EQUALITY, THE CONSUMER PROTECTION ACT AND CUSTOMER-SEGMENT PRICING STRATEGIES: IS THERE RELIEF FOR THE POOR RICH TOURIST?
Keywords:pricing strategies, the Equality Act, customer-segment pricing strategies
The year 2010 is Soccer World Cup year in South Africa. From watching the press and other media it quickly becomes apparent that this event is perceived as something of a cash cow to be used (and sometimes even abused) to generate maximum profit for certain industries and its businesses. Complaints have been made about airlines and accommodation establishments hiking prices excessively. The tourism industry has been warned about the negative impact such exorbitant prices may have on tourism in the future as South Africa may no longer be considered as a value-for-money destination. The hiking of prices is based on an anticipated increase in demand for certain services and products caused by the expected influx of soccer tourists. Businesses world-wide employ different pricing strategies to try and optimize revenue. One such pricing strategy that is employed is to differentiate between citizens and foreign nationals when charging for a service or product. This strategy in the context of the tourism industry is the focus of this note. Whilst the tourist is visiting South Africa s/he may want to visit some attractions and it is often at these places that an interesting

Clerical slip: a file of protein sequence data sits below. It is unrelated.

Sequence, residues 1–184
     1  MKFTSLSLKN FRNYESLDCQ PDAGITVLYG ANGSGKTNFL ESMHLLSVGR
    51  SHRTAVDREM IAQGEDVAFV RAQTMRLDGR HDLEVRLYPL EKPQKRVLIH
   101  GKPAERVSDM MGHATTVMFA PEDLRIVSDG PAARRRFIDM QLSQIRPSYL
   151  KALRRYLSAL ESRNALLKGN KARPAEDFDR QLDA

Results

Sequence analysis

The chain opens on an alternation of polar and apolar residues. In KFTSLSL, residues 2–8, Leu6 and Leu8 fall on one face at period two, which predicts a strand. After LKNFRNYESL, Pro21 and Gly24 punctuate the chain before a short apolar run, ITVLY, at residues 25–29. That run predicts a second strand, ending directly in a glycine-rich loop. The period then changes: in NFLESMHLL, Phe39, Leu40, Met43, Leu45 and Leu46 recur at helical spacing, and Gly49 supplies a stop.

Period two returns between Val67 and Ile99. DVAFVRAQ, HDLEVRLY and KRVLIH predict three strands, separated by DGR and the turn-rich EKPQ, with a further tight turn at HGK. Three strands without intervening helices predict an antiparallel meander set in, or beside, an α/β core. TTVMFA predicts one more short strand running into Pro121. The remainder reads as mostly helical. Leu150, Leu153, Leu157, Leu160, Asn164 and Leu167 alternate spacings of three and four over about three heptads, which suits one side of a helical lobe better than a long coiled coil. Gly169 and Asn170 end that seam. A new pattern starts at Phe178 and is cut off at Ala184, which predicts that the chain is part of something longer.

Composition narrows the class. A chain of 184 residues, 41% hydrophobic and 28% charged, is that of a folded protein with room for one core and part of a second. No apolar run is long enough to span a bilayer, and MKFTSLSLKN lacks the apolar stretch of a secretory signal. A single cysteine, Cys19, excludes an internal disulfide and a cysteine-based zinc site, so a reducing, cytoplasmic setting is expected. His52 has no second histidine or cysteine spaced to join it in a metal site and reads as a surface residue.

situation can be observed. International tourists have to pay one price whereas citizens pay a reduced price. For instance, a visit to the website of the Addo Elephant National Park reveals that SANParks asks different prices – for South African citizens and residents R30 per day visit, SADC nationals R60 per day visit, and foreign visitors R130 per day visit to the Addo Elephant National Park. Similar price differentiation is employed by private businesses as well. Other jurisdictions in Africa also make use of similar customer-segment pricing strategies. The Ugandan Wildlife Authority differentiates between admission fees for foreign non-residents and East-Africans to protected areas such as Lake Mburo and the Semuliki National Park. The Consumer Protection Act 68 of 2008 (hereinafter “the CPA”), once operational, will prohibit the charging of different prices for any goods or services to any persons or category of persons on the basis of one or more of the grounds of unfair discrimination contemplated in section 9 of the Constitution of the Republic of South Africa, 1996 (the Constitution) or Chapter 2 of the Promotion of Equality and the Prevention of Unfair Discrimination Act 4 of 2000 (hereinafter “the Equality Act”), amongst others. Does this mean that suppliers of services and products to tourists who differentiate in the prices asked between citizens and non-citizens will fall foul of this provision of the CPA? This is the question this note will endeavour to answer.
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